Tag Archives: film

2nd roll from Ricoh GR-1

With daylight hours growing shorter as winter approaches, I’ve been making an extra effort to photograph at every suitable opportunity. The portable form factor of the Ricoh GR-1 is doing its job, travelling everywhere with me and providing a useful prompt to stop and make some pictures. My second roll of images with the Ricoh was once more shot on Velvia 50  (note to self: buy some faster film for the gloomy months ahead).

I had the film processed and scanned at the Darkroom in Cheltenham whose service, including free postage, was swift. For 35mm film, I prefer to order medium-resolution scans (1545 pixels longest side from the Darkroom) from the lab to give me an instant overview of the photographs and enable me to send files to Lightroom. I’ve been impressed by the Darkroom’s scans which (according to the metadata) are produced on a Noritsu Koki QSS 32_33 scanner. As I have struggled on occasion to satisfactorily colour correct my own slide film scans so I really appreciate the instant gratification of someone else (or some nifty software) doing this work for me.

Here are some samples from the second Ricoh roll, followed by a link to the whole roll at bottom.


New publication ‘The Woods’

I am very happy to say that my latest book The Woods is now available through Blurb.

The Woods was shot on location over several months in Oxleas Wood, an ancient deciduous forest in London dating back over 8000 years.  The book features a selection of large black and white images shot on medium format film.

Two editions are available.  The deluxe edition is 12″x12″ and bound in linen with dust jacket and premium endpapers.  The 7″x7″ edition, designed to be more compact and affordable, is also a hardcover book with dust jacket.  Both editions are printed on high-quality acid-free archival paper, 148 gsm Mohawk Superfine Eggshell Ultrawhite.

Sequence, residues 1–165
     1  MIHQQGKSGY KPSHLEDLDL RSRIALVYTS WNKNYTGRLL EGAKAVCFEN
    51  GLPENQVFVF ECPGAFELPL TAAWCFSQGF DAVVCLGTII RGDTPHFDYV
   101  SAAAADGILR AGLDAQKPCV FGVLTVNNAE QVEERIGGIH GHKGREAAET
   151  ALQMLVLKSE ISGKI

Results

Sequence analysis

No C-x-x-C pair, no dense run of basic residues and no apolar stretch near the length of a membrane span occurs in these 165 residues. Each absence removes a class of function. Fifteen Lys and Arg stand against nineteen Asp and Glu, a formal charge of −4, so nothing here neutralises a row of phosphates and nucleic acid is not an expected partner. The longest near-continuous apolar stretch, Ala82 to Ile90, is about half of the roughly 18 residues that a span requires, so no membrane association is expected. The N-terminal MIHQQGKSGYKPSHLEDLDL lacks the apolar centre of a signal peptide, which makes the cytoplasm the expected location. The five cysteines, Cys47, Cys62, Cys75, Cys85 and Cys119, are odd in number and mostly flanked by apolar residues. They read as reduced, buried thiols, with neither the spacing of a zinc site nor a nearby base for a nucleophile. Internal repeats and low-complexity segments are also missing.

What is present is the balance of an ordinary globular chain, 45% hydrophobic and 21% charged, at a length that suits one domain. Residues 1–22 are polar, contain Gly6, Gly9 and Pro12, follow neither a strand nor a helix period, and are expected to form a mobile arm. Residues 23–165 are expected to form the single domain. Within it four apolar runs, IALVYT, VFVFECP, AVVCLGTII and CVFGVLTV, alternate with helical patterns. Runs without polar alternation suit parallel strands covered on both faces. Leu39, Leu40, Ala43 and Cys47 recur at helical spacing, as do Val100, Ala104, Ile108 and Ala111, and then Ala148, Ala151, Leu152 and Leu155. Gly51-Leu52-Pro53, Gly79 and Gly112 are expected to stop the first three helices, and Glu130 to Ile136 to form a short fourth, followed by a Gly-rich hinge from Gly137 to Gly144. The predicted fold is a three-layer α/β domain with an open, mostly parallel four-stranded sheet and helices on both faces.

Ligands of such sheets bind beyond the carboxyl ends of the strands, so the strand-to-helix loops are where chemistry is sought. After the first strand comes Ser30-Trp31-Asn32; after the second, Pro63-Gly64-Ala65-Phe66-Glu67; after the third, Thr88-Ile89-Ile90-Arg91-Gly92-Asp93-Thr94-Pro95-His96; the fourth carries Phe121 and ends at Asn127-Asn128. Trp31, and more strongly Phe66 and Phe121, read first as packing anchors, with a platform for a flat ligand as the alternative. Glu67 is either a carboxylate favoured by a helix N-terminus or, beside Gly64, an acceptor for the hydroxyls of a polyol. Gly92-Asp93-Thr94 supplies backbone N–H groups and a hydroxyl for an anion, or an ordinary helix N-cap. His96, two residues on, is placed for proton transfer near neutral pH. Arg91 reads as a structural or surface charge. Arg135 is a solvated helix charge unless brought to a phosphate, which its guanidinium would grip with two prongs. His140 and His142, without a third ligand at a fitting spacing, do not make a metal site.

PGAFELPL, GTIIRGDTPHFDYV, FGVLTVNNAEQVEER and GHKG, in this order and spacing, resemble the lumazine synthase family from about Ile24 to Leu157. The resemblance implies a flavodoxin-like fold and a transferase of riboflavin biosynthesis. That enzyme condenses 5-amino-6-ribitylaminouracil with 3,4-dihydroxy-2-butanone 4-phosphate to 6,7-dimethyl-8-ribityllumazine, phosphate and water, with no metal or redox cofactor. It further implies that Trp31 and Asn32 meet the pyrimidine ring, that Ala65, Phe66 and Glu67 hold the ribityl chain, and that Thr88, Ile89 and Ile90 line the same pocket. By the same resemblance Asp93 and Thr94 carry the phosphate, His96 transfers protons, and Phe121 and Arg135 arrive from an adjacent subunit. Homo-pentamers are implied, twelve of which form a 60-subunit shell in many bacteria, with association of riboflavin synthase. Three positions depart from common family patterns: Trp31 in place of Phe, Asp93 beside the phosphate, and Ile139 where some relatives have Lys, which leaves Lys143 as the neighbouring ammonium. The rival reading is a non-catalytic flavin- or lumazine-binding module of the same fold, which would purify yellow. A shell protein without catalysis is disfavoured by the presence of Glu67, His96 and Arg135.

Please visit my Blurb bookstore for more details and online ordering.

Here is a preview of The Woods:

Deep in the woods

Near my home is Oxleas Wood, one of the few remaining areas of ancient deciduous forest in London, dating back over 8000 years. If at all known today, Oxleas is usually associated with Severndroog Castle, an 18th century folly built to commemorate Sir William James’s conquest of Suvarnadurg fortress in western India. The Wood is much valued by the local community which has, from time to time, been obliged to defend the place from thrusting road builders and politicians.

Away from Severndroog, it’s quite possible to walk for half an hour in Oxleas without encountering another human being. The forest is enveloping and tranquil and it is this mood that I am trying to capture photographically. Dead trees, shadow patterns and leaf cover often fill the frame. There is little colour of note. I had visualised these images in monotone and created a custom preset in Lightroom with a warm cast (rather than straight greyscale) for the conversions from E6 (Provia and Velvia). I will be returning with Ilford FP4+ soon as an experiment in this project’s early stages, but here are some initial results.

Click here to see the gallery